Pepper can't seem to get comfortable on the couch at first, and Tony can't figure out why, until he recalls that there's a ritual in which he is supposed to participate. He drapes his arm experimentally over the back of the couch; sure enough, she settles against him, her body in the crook of his shoulder, her head resting lightly against his chest. Without taking her eyes off the television, she reaches behind her, takes his hand, and nestles it against her hip. He laces his fingers through hers.
They manage to get a third of the way through the movie before ultimately abandoning the pretense that either of them is paying attention to it. Tony is practically vibrating, desire plucking him like an open string, but he holds back, lets her take the lead. He's painfully conscious of how easy it would be to screw this up right now.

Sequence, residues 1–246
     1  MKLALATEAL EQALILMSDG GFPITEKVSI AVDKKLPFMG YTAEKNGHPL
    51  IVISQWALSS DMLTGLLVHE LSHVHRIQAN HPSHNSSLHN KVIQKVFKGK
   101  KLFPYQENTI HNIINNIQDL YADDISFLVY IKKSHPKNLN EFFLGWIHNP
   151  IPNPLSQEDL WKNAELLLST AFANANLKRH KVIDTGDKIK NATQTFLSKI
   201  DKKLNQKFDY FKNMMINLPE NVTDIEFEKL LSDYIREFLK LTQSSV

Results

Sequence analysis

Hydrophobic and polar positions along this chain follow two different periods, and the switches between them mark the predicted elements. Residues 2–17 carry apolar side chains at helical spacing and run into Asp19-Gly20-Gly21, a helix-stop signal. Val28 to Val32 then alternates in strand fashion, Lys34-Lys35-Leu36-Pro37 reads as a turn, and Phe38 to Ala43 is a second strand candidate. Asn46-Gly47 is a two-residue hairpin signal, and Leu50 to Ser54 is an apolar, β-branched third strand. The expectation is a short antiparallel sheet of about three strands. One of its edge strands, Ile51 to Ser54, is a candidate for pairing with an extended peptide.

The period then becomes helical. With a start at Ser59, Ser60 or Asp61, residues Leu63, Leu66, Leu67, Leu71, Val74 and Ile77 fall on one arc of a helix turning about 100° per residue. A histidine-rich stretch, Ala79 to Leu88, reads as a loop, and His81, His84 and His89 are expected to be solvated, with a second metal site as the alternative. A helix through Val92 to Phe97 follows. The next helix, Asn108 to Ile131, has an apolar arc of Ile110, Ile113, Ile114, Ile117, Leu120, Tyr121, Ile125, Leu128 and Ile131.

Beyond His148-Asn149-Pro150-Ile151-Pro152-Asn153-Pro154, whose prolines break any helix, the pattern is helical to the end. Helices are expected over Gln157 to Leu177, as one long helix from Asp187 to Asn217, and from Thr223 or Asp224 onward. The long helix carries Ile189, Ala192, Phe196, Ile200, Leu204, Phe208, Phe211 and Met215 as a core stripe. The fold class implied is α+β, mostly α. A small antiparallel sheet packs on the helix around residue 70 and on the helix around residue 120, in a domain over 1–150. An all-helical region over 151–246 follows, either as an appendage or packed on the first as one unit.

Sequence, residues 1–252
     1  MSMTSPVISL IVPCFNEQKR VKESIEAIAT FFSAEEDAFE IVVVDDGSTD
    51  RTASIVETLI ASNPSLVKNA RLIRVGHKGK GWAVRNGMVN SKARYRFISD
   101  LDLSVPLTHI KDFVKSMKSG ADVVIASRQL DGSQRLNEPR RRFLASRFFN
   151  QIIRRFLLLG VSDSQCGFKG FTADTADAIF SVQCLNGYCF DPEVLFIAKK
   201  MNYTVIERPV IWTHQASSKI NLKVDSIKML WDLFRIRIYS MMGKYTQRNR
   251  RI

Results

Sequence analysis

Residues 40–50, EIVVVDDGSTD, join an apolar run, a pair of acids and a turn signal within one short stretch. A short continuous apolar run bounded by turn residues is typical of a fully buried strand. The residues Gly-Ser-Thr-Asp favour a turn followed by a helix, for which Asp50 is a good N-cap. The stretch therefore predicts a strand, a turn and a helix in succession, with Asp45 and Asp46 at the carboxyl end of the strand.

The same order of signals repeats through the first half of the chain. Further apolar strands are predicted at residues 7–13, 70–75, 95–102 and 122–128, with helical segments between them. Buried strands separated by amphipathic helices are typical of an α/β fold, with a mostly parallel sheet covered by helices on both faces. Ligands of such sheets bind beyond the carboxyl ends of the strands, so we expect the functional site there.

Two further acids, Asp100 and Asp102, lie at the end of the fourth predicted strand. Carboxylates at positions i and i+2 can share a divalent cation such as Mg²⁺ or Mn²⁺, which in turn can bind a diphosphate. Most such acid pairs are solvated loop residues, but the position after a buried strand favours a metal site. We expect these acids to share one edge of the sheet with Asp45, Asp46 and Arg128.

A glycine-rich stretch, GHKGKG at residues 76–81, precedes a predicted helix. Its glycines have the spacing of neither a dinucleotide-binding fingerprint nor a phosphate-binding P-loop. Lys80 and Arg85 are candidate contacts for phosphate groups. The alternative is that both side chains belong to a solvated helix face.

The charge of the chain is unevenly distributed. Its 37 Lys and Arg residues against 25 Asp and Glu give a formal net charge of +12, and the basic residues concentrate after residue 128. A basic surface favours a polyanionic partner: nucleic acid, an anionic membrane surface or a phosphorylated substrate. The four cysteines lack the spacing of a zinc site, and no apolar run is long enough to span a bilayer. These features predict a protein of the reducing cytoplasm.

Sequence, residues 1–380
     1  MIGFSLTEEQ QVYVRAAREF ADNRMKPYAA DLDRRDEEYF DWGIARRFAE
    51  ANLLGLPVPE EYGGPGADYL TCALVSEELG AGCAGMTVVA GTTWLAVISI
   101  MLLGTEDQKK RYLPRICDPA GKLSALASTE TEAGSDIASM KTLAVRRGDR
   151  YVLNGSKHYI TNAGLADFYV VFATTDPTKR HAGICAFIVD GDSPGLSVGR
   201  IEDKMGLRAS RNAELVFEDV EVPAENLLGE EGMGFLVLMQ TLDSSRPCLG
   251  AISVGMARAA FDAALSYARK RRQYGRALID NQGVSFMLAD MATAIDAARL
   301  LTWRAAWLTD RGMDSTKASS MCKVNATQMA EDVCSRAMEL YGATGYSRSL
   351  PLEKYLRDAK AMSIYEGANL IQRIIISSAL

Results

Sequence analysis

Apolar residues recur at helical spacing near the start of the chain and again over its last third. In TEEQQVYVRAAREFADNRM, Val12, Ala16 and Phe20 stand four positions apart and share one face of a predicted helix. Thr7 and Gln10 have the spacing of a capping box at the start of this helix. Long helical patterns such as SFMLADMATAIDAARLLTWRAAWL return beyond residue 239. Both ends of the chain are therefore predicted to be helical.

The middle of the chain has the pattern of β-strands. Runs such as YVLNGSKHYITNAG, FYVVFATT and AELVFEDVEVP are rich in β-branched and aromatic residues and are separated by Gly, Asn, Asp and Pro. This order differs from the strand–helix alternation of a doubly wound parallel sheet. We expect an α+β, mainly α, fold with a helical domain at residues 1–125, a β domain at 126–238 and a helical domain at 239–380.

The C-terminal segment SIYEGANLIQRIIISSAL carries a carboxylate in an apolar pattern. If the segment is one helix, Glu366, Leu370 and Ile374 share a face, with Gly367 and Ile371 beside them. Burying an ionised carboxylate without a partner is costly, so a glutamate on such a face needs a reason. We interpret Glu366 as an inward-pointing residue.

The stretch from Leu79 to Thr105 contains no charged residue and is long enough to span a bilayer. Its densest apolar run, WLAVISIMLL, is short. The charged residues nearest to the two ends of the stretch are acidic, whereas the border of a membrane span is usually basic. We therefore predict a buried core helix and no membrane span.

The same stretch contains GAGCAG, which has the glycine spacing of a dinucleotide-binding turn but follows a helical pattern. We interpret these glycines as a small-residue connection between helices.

It's a relief when she finally does kiss him: slow and gentle, almost questioning. Her fingers tangle in his hair; it's both familiar and frightening, but in the best possible way.
It isn't long before he's lying on the couch with Pepper leaning insistently against his chest. She presses into him, bracketed by his knees, her belly curved against his. He runs his hands lightly up and down her bare arms; there's a faint static charge in her skin that reminds him a little of a Marshall half-stack, and a little of an active missile, but he knows better than to make either comparison aloud.
"Don't you want to know how the movie ends?" he asks instead.
She smiles against his lips. "Not really," she purrs. "You?"